Anxiety disorders are medical conditions that affect approximately 40 million Americans ages 18 or older, according to National Institute of Mental Health. Unlike the mild, short-term anxiety that is caused by a stressful event, anxiety disorders affect a person long term, and it may become progressively worse if left untreated. Anxiety disorders include diseases such as panic disorder, generalized anxiety disorder, obsessive-compulsive disorders and phobias. GABA or gamma-aminobutyric acid is a natural supplement that may benefit individuals suffering from anxiety.
If you are experiencing serious medical symptoms, seek emergency treatment immediately.
GABA is a neurotransmitter in the brain, thus it is an essential substance that supports proper brain function. GABA is naturally produced in the body from glutamic acid with the help of vitamin B6. Glutamic acid is an amino acid that helps decrease the activity of brain cells. GABA also works in synergy with other nutrients such as niacine and inositol to reduce symptoms of stress and anxiety. Some anti-anxiety drugs such as benzodiazepines stimulate GABA receptors, thus delivering the same relaxing and calming effect as a GABA supplement.
- GABA is a neurotransmitter in the brain, thus it is an essential substance that supports proper brain function.
- GABA also works in synergy with other nutrients such as niacine and inositol to reduce symptoms of stress and anxiety.
Gaba Vs. Kava Kava
Some alternative health care practitioners recommend GABA supplements for anxiety disorders. According to Dr. James Balch, MD who is co-author of “Prescription for Drug Alternatives," supplementation with GABA for mild to moderate forms of anxiety is recommended due to its calming and mild sedative effects 1. A variety of supplements are available over the counter some of which contain only GABA while others include other amino acids or vitamins in the formula.
Other medical professionals believe that GABA does not cross the brain-blood barrier and as a result, oral supplements are not effective. Instead, they suggest using L-theanine, an amino acid that increases level of GABA in the body and crosses the blood-brain barrier. Another option is to use supplements such as kava or 5-HTP that also have anti-anxiety effects by stimulating GABA receptors.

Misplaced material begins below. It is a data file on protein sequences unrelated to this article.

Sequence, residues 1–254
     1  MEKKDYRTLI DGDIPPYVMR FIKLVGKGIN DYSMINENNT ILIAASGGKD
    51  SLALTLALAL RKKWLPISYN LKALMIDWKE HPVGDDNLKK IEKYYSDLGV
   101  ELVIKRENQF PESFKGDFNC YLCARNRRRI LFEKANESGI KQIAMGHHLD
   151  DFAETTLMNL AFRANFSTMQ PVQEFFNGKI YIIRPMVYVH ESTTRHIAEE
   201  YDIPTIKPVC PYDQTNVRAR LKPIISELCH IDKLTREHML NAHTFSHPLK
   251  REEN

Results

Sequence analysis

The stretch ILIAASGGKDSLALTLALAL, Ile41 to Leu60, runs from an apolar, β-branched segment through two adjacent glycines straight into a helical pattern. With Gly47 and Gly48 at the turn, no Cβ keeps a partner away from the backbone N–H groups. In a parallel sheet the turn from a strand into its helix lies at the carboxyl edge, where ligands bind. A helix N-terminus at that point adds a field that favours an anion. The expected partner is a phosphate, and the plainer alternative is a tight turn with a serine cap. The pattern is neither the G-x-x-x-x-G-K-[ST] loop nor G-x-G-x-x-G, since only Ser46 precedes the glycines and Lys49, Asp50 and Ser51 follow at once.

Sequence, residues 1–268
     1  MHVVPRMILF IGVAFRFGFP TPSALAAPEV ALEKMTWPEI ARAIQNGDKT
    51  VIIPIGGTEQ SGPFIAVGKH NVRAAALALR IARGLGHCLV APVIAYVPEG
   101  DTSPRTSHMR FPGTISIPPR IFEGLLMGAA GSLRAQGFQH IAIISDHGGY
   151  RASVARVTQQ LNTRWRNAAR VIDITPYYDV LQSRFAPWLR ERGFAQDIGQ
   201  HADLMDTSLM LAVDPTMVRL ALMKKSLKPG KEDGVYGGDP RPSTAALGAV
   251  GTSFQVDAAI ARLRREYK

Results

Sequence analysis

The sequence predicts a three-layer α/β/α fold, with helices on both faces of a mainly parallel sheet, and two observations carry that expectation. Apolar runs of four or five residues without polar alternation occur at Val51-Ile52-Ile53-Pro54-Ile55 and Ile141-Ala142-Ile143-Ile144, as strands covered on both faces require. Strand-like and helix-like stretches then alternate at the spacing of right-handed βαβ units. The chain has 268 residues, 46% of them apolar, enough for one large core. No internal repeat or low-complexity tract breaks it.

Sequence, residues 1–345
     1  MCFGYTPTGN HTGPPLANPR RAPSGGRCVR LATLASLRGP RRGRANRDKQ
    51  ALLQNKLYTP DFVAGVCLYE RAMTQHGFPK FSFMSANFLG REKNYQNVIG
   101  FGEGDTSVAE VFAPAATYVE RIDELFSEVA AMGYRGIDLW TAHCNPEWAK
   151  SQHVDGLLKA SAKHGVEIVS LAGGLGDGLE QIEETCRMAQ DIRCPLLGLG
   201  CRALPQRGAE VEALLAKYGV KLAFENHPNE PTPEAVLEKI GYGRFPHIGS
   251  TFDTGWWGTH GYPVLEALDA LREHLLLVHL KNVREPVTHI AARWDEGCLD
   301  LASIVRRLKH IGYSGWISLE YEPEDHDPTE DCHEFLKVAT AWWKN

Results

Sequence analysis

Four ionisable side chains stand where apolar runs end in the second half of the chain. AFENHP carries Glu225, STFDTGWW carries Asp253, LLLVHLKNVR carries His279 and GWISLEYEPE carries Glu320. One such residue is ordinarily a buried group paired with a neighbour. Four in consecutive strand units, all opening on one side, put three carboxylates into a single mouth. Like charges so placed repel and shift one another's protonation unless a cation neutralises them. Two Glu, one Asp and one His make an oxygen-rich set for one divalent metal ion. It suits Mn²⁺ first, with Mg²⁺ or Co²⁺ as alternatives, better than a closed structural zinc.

- Some alternative health care practitioners recommend GABA supplements for anxiety disorders.
- Instead, they suggest using L-theanine, an amino acid that increases level of GABA in the body and crosses the blood-brain barrier.
The optimal dosage of GABA supplements is controversial. As a general rule, lower doses of GABA are used for anxiety, while higher doses are needed for sleep problems or depression. Dr. Balch recommends 500mg two to three times daily. Some supplements contain as much as 3g per tablet.
- The optimal dosage of GABA supplements is controversial.
- As a general rule, lower doses of GABA are used for anxiety, while higher doses are needed for sleep problems or depression.
Safety & Drug Interactions
Do GABA Supplements Have Side Effects?
GABA supplement is considered safe in daily doses up to 3g. Mild sleepiness is reported as a possible side effect according to Integrative Psychiatry.net, thus one single dose can be taken at bedtime. This supplement does not cause memory problems, dependence or withdrawal effects if discontinued. However, GABA supplements may interact with anti-anxiety and anti-depressant drugs, as well as some muscle relaxants and prescription painkillers.
- GABA supplement is considered safe in daily doses up to 3g.
- Mild sleepiness is reported as a possible side effect according to Integrative Psychiatry.net, thus one single dose can be taken at bedtime.
GABA supplements do not replace conventional treatment for anxiety. Since GABA may interfere with other drugs and herbs, it is recommended to seek professional advice.
Gaba Vs. Kava Kava
Do GABA Supplements Have Side Effects?
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Side Effects of Serotonin Supplements
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- "Prescriptions For Drug Alternatives"; James Balch, MD; Mark Stengler, ND and Robin Young, ND; 2008
- IntegrativePsychiatry.net: Natural GABA
- Nuss P. Anxiety disorders and GABA neurotransmission: a disturbance of modulation. Neuropsychiatr Dis Treat. 2015;11:165–175. doi:10.2147/NDT.S58841
- National Alliance on Mental Illness. Anxiety disorders. Updated December 2017.
- Weeks BS. Formulations of dietary supplements and herbal extracts for relaxation and anxiolytic action: Relarian. Med Sci Monit. 2009;15(11):RA256–RA262.
- Boonstra E, De kleijn R, Colzato LS, Alkemade A, Forstmann BU, Nieuwenhuis S. Neurotransmitters as food supplements: the effects of GABA on brain and behavior. Front Psychol. 2015;6:1520. doi:10.3389/fpsyg.2015.01520
- Ford TC, Nibbs R, Crewther DP. Glutamate/GABA+ ratio is associated with the psychosocial domain of autistic and schizotypal traits. PLoS ONE. 2017;12(7):e0181961. doi:10.1371/journal.pone.0181961
- Möhler H. The GABA system in anxiety and depression and its therapeutic potential. Neuropharmacology. 2012 Jan;62(1):42–53. doi:10.1016/j.neuropharm.2011.08.040
- Zhang S, Cranney J. The role of GABA and anxiety in the reconsolidation of conditioned fear. Behav Neurosci. 2008 Dec;122(6):1295–305. doi:10.1037/a0013273
Brindusa Vanta is an alternative health care doctor who has been writing since 2006. She has written for the Oakville Massage Community and Information Network, and she focuses on nutrition and homeopathy. She received her medical degree from Iuliu Hatieganu University of Medicine, Romania, and her homeopathic diploma from Ontario College of Homeopathic Medicine.